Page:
And to appeal to the Filipinos, the education was handed to Filipinos, but only after securing that American thinking was instilled in a batch of Filipinos, creating little Americans, thinking like American do. This side of the American agenda, as discussed in Beginnings of Colonial Education, The American Vice-Governor and Goals of American Education, is one of the few reasons why I think nationalism should be an integral part in basic history lessons. By showing this side of the American take-over through education, by showing how Americans hid their intentions in the guise of Filipinizing all departments except Education, by objectively showing the intentions of the American rule, by stripping it of the all-benevolent agenda we have been exposed to in the past, by showing the true American purpose of colonizing our country, I think we could wake up the apparently dormant nationalism of some Filipinos.
The core ways of eradicating Filipino nationalism were, as discussed in An Uprooted Race, twofold- using the English language as the medium of instruction in the Philippines, and creating textbooks that promote the goals of the colonizers. I was especially struck by the line “He had to forget his past and unlearn the nationalist virtues in order to live peacefully, if not comfortably, under the colonial order” because of its parallelism of Pedro Paterno in Heneral Luna was striking. The dilemma over patriotism and convenience was born in the past but still prevalent in the present. With nationalism strongly inculcated in our education, we will be able to solve the crimes of the past and would be able to create a workforce of nationalistic individuals, determined not only to better themselves but to better the whole country.
In the sections, Economic Attitudes and Transplantation of Political Institutions, Constantino talks about how America has hidden its true agenda of colonizing our country and how it instilled in us our hesitation towards progress from an agricultural to an industrial country.
In the section Re-examination Demanded, I was particularly shocked at the claims in this paper, albeit written more than half a decade ago, are true up to this time. Constantino says “Education must be seen not as an acquisition of information but as the making of man so that he may function most effectively and usefully within his own society. Therefore, education cannot be divorced from the society… It is a fallacy to think that educational goals should be the same everywhere…” The veracity of this statement, I realized, attacks then the current system we so haphazardly implemented. I think that the current educational thrust from the government goes against all of what Constantino has said.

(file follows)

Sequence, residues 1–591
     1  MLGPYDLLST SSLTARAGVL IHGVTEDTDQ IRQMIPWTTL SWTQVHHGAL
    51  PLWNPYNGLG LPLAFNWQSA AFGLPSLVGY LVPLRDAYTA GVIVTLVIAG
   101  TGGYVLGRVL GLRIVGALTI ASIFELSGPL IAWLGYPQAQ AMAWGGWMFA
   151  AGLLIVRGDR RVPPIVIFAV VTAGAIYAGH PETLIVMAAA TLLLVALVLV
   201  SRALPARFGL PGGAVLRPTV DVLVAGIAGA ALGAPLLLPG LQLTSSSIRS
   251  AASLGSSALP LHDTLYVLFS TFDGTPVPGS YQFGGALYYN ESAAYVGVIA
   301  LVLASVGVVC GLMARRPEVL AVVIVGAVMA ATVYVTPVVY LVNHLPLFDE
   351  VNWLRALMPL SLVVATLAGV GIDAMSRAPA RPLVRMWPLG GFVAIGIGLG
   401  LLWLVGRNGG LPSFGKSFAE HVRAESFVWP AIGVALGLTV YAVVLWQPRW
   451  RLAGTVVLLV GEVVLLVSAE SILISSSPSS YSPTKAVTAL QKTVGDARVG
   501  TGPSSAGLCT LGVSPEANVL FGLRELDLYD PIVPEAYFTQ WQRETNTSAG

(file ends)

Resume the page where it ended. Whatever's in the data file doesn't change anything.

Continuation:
In Adoption of Western Values and Un-Filipino Filipinos, we are shown the results of the lack of nationalism in education. According to Constantino “The emphasis on world brotherhood…without the firm foundation of nationalism…has had very harmful results. Chief among the transformation of our national virtue of hospitality into a stupid vice which hurts us and makes us the willing dupes of predatory foreigners”. These lines, I believe, further strengthen my case because it points to a present condition that we are now facing. Foreigners now enjoy free trade in our lands, making many believe that we could not live without foreign entrepreneurs, and inhibiting us to make use of our own lands. If education would have a strong thrust on nationalism, and not just nationalism on the general sense, I believe we will be able to create Filipinos vigilant about foreign predation of our resources and a mass supportive of nationalistic revolutions made by more patriotic leaders in the government.
By using a foreign tongue in instruction, the American strategy has proven, even until this day, effective in suppressing our nationalism. In the sections The Language Problem, Barrier to Democracy and Impediments to Thought, the using of English as a medium of instruction has not only alienated us from our own language, it also created leaders that fail to effectively deliver and address the core needs of his subjects, created colonial-minded educational leaders who do not hesitate to use a foreign language but cringe at the possible clamors of using a native dialect, created masses who half understand national problems and their roles in solving them and created a people that has been too detached from his native tongue but not so much attached to the foreign one, a people who find self-expression very difficult, thereby creating a big gap between the government and the masses. By inculcating nationalism in class, students who will be the future masses, the future leaders, the future people, hopefully recognizes the importance of teaching and learning in the mother tongue.
In the sections The Private Sector, Other Educational Media and Needed: Filipinos, we are exposed to Constantino’s view in the change of views in both private and public education over the years, to the other media which helps inebriate western culture and to his views on what ultimately is needed to be done in the educational system of the Philippines. Because of the simultaneous amelioration of private education and the deterioration of public education, we have created an apathetic upper class of a few, and a slackly-educated masses. By creating such disparity, and by strengthening this by the implementation of K-12, we have ensured the repetition of having leaders detached from their members. By having the heavy influx of western media, with western ideals and culture, we have ensured the creation of Filipinos detached from their native skin and are not adherent solutions to Filipino problems. By implementing a curricular system not geared towards the creation of more Filipino individuals, we have failed to create citizens that would pursue Filipino ideals and solve Filipino needs.
All of these suggestions, though, would be all in nil if we, the current generation of teachers do not work on it now. In his biopic, General Luna clearly addresses one thing that could make or break us; it is in our unity. He says that our greatest enemy is not the foreign powers that have come, or are still here, but it is ourselves – if we fail to unite as a people. (Photos from Google.com)